- Travelers entering Mexico via land may be subject to health screen including temperature checks. Travelers may experience significant delays and face the possibility of being returned to the United States or quarantined in Mexico.
- INM continues to provide law enforcement and public counter services across Mexico. However, due to reduced staffing, members of the public might experience long wait times for routine services. INM recommends monitoring its website and Twitter account for information about its current operating status
- Is a curfew in place? [Yes]
- Curfews are not universal. Restrictions vary based on state and/or city. Please see the “Local Resources” section for curfew-specific information below.
- Are there restrictions on intercity or interstate travel? [Yes]
- Restrictions apply to some areas. Please see additional information on these restrictions in the “Local Resources” section below.
- Are U.S. citizens required to quarantine? [No]
- The Mexican government encourages people to continue respecting social distancing measures, washing their hands, and coughing or sneezing in the inner part of the elbow to prevent the spread of COVID-19. A variety of prevention measures can be found at https://coronavirus.gob.mx
- For U.S. citizens who have participated in higher risk activities or think that they may have been exposed before or during a trip, the CDC encourages people to take the following extra precautions to protect others for 14 days after arrival:
- Stay home as much as possible.
- Avoid staying around people at higher risk for severe illness from COVID-19.
- Consider getting tested for COVID-19.
- In the United States, quarantine requirements and recommendations may vary by state. Therefore, travelers should review an individual state’s entry requirements before traveling.
- The symptoms of COVID-19 (such as fever, cough, headaches, throat pain, or constant sneezing) are very similar to other respiratory diseases. If you have mild symptoms, call your usual health care provider or the Mexican government’s hotline at 800 0044 800 or 55 5658 1111 in order to receive advice to determine whether to stay home or seek medical attention. If you or someone in your family has difficulty breathing, please go to the emergency room or call 911 immediately.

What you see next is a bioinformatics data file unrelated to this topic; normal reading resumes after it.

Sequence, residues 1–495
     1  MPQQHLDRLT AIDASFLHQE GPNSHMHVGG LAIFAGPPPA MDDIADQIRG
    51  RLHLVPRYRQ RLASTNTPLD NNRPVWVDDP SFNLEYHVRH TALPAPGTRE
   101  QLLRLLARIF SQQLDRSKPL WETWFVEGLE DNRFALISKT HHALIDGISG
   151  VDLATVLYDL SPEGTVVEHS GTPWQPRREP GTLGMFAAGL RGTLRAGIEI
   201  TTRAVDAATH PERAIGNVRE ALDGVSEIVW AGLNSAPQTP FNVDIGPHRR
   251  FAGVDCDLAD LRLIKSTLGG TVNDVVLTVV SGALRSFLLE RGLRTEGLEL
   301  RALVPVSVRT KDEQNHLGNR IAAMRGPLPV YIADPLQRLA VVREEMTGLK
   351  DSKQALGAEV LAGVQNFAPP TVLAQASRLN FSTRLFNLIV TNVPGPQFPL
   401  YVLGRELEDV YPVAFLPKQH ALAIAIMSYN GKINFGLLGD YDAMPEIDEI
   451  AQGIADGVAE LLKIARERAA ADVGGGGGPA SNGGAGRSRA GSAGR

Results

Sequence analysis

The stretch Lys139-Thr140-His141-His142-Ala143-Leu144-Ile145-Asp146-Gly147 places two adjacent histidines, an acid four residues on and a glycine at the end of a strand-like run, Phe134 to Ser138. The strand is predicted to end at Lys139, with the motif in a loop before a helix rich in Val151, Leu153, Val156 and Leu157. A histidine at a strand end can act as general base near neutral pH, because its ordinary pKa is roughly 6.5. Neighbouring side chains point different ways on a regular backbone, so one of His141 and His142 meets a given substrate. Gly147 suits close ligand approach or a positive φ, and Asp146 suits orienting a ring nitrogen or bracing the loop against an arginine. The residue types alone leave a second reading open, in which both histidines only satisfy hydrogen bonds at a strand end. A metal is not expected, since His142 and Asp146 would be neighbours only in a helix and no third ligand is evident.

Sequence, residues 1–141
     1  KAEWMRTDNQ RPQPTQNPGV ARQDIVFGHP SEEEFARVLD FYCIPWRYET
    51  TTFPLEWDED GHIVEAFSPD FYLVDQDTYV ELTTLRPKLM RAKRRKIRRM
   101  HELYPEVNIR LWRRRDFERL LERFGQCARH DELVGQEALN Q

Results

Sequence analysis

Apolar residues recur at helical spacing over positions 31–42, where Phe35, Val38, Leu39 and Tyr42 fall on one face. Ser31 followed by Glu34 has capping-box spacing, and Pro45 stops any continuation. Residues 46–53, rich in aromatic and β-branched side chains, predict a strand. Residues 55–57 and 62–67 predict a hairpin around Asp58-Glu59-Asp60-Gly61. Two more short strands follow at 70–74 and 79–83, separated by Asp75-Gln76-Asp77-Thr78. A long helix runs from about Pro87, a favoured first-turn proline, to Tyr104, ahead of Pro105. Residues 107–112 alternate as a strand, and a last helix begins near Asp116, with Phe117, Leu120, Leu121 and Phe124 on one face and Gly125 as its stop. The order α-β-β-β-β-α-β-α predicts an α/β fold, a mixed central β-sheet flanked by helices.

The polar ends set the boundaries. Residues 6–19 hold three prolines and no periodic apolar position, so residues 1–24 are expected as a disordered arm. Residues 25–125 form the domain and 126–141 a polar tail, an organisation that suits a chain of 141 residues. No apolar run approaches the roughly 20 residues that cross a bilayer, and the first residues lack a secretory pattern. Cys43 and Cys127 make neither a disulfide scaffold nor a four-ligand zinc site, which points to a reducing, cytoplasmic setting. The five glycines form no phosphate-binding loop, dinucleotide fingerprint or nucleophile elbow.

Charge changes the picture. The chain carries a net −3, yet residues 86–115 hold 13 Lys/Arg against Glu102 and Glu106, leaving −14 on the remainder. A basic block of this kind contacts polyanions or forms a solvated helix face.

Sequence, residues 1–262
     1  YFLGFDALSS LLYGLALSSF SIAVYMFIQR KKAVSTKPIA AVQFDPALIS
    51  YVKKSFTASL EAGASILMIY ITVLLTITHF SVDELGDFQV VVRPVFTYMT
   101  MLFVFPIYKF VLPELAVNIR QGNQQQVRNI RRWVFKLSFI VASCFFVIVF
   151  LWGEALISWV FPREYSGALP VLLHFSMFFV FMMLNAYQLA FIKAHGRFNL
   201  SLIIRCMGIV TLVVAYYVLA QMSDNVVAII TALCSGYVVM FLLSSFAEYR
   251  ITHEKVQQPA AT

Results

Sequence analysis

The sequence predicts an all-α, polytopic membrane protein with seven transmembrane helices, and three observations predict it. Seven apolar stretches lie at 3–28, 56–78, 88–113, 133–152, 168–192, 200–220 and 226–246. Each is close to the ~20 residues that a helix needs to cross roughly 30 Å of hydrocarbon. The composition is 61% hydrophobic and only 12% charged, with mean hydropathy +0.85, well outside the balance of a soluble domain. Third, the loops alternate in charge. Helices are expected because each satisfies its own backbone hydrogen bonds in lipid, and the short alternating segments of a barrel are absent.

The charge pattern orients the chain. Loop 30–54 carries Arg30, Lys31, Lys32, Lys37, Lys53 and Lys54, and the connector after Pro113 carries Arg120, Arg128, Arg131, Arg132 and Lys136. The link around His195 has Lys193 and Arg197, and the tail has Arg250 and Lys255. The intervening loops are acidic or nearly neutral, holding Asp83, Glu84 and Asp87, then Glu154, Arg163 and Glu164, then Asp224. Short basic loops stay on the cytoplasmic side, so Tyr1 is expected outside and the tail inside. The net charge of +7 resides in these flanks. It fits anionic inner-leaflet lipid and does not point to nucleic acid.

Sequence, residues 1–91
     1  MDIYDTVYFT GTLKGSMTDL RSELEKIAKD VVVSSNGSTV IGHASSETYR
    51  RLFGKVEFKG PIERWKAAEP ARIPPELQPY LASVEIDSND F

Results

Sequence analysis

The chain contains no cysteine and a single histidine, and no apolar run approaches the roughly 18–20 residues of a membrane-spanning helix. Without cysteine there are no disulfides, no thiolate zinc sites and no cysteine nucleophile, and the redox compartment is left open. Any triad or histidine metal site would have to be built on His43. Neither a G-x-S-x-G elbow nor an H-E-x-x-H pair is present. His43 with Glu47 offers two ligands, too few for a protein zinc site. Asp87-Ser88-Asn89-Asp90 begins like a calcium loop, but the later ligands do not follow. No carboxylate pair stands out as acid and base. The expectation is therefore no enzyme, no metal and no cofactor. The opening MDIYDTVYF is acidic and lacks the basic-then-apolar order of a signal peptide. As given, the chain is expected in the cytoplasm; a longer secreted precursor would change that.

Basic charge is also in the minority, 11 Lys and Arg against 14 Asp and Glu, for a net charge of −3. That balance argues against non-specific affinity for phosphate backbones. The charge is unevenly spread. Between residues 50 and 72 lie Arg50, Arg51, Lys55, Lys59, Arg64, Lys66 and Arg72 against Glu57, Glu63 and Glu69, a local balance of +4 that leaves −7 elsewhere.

- Individuals who were in contact with a confirmed case of COVID-19 and present symptoms of respiratory illness should follow the instructions above. It is advisable to remain in quarantine for 14 days to prevent spreading the disease to other people.
- If you are experiencing fear, anxiety, or emotional isolation, please call the Mexican government’s hotline at 800 911 2000 for advice and support.
- Are commercial flights operating? [Yes]
- Is public transportation operating? [Yes]
- Some states and municipalities have implemented additional transportation restrictions. Please see additional information on state specific restrictions in the “Local Resources” section below.
Fines for Non-Compliance:
- Consequences for non-compliance are not universal. Restrictions vary based on state and/or city. Please see the “Local Resources” section for specific information on fines, penalties, or other consequences below.
Nationwide Restrictions and Resources:
- On June 1, the Mexican government began easing nationwide restrictions and started phasing in non-essential economic activities in some states and municipalities using a national “stoplight” system. The four metrics to determine the colors in the Mexican government’s stoplight system are the trend in numbers of new cases; hospital occupancy trends; current hospital occupancy rates; and percentage of positive cases. If one indicator is red, the whole state will be designated red. Schools in Mexico are closed.